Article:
Nerina Pallot plays Inverness tonight
SINGER-SONGRIWTER Nerina Pallotplays Eden Court Theatre tonight (Monday) on some eclectic Scottish dates designed to remind people what the world has been missing since her last album Stay Lucky in 2017.
Looking back on her career, she has some forthright views, on reflection:
On writing for the likes of Kylie Minogue and a fistful of X Factor hopefuls: “I can’t say Kylie wasn’t good money – it was. But I only saw it as a means to an end: funding my own records. But after a while it became so soul-destroying. Not necessarily for me, but because of all these young artists – they’re being filled with all this hope. And you know that unless the second single goes, it’s over for them. I saw that time and time again. I don’t want to be a part of that. It’s grim.”
On co-writing: “I’ll never do it again for love or money. I’m actually really down on people who co-write. A lot of those people have f****d music up the ***e.”
On how she was marketed on her first two albums: “Very pop, very mainstream, and it was all about being nice. A journalist said: ‘Her hair is too glossy to take her seriously.’ I hated it at the time but she was right! Although, to be honest, it is nice to see yourself looking pretty.”
Nerina released sixth album Stay Lucky at the age of 43. The Jersey-born, London-based musician played her first gig in 1995, which means she has been doing this for 22 years. Is she bothered about any of those numbers? What do you think?
“I’ve only now just got a handle on my s**t. I don’t know why we have this massive issue with age.”
Pallot has now “got a handle" on things for a number of reasons. For one thing, she wrote the album Stay Lucky, played guitar and piano and synths and percussion on it, produced it, and, after relationships with three different major labels, she released it on her own label, Idaho Records.
“That’s allowed me to be free,” she notes, stating the happy obvious. “When I think about why I went pop on my third album, 2009’s The Graduate – which was a disaster for me, I lost a lot of fans – it was because my label were breathing down my neck after the second one.”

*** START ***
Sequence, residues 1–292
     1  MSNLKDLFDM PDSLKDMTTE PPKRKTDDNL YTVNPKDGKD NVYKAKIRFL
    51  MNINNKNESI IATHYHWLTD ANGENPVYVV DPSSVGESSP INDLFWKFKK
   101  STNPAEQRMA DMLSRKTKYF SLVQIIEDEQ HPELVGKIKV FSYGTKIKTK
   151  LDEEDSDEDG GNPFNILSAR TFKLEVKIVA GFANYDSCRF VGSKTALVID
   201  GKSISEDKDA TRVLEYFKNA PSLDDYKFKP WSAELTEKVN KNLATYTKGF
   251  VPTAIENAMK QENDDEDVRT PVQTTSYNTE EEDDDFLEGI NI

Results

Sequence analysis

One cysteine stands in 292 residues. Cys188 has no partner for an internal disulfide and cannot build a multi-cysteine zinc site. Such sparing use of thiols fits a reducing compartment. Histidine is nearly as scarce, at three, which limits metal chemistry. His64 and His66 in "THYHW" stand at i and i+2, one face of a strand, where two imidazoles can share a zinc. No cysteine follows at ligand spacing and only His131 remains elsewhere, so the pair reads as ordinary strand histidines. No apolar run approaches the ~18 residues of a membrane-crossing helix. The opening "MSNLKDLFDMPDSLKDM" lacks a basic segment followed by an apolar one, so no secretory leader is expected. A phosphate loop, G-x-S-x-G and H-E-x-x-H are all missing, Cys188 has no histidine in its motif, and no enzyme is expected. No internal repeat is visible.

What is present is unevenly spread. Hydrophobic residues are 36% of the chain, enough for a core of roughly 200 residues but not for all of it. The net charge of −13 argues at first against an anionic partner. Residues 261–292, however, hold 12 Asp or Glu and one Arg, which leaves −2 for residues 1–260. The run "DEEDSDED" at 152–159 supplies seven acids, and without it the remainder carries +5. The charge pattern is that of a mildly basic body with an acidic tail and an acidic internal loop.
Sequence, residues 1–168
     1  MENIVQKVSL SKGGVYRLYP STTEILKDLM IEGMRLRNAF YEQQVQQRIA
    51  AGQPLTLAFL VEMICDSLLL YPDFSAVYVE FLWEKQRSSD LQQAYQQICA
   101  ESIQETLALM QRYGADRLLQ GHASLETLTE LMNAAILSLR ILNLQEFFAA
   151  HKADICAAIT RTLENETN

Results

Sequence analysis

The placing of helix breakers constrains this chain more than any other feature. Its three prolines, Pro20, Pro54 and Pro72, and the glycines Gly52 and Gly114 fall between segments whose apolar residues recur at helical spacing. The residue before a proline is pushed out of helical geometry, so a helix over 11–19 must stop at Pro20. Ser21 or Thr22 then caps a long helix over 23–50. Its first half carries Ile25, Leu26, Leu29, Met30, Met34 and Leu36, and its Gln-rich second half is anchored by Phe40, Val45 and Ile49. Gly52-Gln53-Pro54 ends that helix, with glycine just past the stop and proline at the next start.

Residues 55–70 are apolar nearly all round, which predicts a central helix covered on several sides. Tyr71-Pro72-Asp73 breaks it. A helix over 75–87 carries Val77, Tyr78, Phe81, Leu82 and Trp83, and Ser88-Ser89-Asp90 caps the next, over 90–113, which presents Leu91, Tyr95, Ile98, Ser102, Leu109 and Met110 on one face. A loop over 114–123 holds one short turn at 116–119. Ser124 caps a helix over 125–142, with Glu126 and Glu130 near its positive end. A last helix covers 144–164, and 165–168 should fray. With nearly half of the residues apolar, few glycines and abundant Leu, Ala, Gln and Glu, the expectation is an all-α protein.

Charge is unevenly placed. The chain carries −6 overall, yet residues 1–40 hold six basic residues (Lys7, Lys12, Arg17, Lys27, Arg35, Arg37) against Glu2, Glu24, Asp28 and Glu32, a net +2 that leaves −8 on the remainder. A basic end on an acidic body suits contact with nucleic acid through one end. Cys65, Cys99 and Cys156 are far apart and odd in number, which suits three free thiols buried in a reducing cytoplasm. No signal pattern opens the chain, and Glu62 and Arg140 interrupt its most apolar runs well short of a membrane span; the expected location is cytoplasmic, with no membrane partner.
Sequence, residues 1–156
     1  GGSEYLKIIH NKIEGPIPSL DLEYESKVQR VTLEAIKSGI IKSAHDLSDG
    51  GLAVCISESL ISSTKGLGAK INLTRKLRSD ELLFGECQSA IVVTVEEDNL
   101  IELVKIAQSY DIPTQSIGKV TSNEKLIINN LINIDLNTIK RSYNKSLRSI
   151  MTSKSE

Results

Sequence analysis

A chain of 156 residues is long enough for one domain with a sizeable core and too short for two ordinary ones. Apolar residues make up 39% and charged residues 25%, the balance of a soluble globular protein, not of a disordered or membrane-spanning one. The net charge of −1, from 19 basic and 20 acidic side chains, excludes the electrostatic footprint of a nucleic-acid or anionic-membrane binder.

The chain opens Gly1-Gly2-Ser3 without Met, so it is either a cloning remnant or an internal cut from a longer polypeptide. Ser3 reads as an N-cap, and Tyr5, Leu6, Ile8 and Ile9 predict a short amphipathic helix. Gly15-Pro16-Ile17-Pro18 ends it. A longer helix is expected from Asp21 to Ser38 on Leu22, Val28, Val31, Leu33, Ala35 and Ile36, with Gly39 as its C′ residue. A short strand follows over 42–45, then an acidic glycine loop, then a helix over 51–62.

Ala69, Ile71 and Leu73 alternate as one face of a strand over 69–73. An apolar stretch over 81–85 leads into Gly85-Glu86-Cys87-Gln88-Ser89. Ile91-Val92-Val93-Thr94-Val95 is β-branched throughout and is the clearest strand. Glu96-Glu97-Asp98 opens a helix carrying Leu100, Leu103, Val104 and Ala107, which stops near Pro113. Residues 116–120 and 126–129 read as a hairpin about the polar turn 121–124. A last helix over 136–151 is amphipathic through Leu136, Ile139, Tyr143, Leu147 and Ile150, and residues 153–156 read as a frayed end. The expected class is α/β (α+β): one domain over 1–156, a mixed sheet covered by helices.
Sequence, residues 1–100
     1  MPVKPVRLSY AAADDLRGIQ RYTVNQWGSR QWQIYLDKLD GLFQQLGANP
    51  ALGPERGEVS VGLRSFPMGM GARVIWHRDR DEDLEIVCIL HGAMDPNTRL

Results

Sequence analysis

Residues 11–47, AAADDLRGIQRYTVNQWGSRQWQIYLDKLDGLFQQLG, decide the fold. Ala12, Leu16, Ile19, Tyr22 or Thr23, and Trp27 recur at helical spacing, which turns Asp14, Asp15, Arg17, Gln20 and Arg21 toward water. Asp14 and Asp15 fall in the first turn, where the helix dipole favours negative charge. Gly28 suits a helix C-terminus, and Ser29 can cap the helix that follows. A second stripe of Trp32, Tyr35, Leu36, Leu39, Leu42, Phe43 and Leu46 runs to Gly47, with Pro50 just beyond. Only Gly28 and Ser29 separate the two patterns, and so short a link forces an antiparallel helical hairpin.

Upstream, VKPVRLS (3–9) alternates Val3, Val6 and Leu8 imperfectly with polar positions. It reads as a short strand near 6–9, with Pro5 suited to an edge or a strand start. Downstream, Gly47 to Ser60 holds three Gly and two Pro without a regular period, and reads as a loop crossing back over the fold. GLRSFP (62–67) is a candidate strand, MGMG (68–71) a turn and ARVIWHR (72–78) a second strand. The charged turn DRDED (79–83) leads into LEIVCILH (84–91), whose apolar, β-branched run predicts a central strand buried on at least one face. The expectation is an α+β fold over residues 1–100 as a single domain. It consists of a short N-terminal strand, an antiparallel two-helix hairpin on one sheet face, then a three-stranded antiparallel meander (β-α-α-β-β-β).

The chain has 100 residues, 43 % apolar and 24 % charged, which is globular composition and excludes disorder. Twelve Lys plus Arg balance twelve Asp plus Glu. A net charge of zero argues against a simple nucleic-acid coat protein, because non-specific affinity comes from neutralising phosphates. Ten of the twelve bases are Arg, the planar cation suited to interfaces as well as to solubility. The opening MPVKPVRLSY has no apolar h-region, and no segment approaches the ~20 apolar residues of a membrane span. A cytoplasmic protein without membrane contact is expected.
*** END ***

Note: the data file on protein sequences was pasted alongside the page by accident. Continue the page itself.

Pallot says of 2005’s Fires, it sold 100,000 copies and earned her Brit and Ivor Novello award nominations: “They were telling me it should have sold 10 million, if only it had had a radio single. So what that led to was me trying to do that – and then doing stuff with Kylie.”
Pallot wrote two songs, one of them the title track, for Minogue’s 2010 album Aphrodite. She admits that that experience, plus spells writing with Linda Perry (Christina Aguilera’s Beautiful) and Rob Davis (Minogue’s Can’t Get You Out Of My Head), helped improve her chorus-writing skills: “But that didn’t translate to a radio single for me 'cause my heart wasn’t in it. ’Cause that’s not who I am.”
So, now that she’s free, she can “indulge herself.” This meant a year of EPs, released one a month in 2014 – and it means, further down the line from Stay Lucky, more new songs that are “way more out-there … But I will only do what I want to do. And as long as I can keep living, I won’t stop.”
Pallot was aided, abetted and enriched by a thrillingly diverse selection of musicians on that album. The players included three members of Michael Kiwanuka’s touring band, Steve Pringle (keyboards), Alex Bonfanti (bass) and Lewis Wright (drums, vibes), with the latter taking time out from his other day-job, as a member of acclaimed young British jazz quartet Empirical. The backing vocalists are Markus Feehily (ex-Westlife) and Rod Thomas (aka Bright Light Bright Light). The bulk of the string arrangements weare by Sally Herbert (Florence & The Machine, Bat For Lashes), who’s worked on all of Pallot’s albums. The brass arranger was Noel Langley, probably the most respected British jazz trumpeter and brass arranger, as Radiohead would attest. Finally, Bernard Butler (who co-produced her fourth album Year Of The Wolf) played guitar on three tracks.
As Pallot notes typically pithily: “I basically made a totally muso record, which is a great or terrible thing depending on how you feel about six-minute songs and sax solos.”
Looking back at the album, Nerina said: “What’s interesting is I’ve never made a less political record. I’ve never made a record that is so basically about one thing. I know lots of artists say this, but this is the record that truly means the most to me. There’s not a word or rhyme that I’ve compromised on. There’s no point where I go ‘that’ll do’. And I’ve definitely done that on previous records.
“But all my records have done what they deserved to do. I didn’t make Back To Black the year Amy Winehouse made it. I made a very decent record that wasn’t embarrassing, and it was nice to be in the same category as her at the Brits that year. But I didn’t make a record as amazing as she did, and she deserved the success."
And Nerina feels her career has worked out: “I feel like I’ve got the best career ’cause I’ve never had enough success for it to be demanded that I do the same thing over and over again. I would go completely mental having to do the same successful record again! I’d never be able to move on.”
.Nerina Pallot is playing Eden Court tonight (Monday, Feburary 25)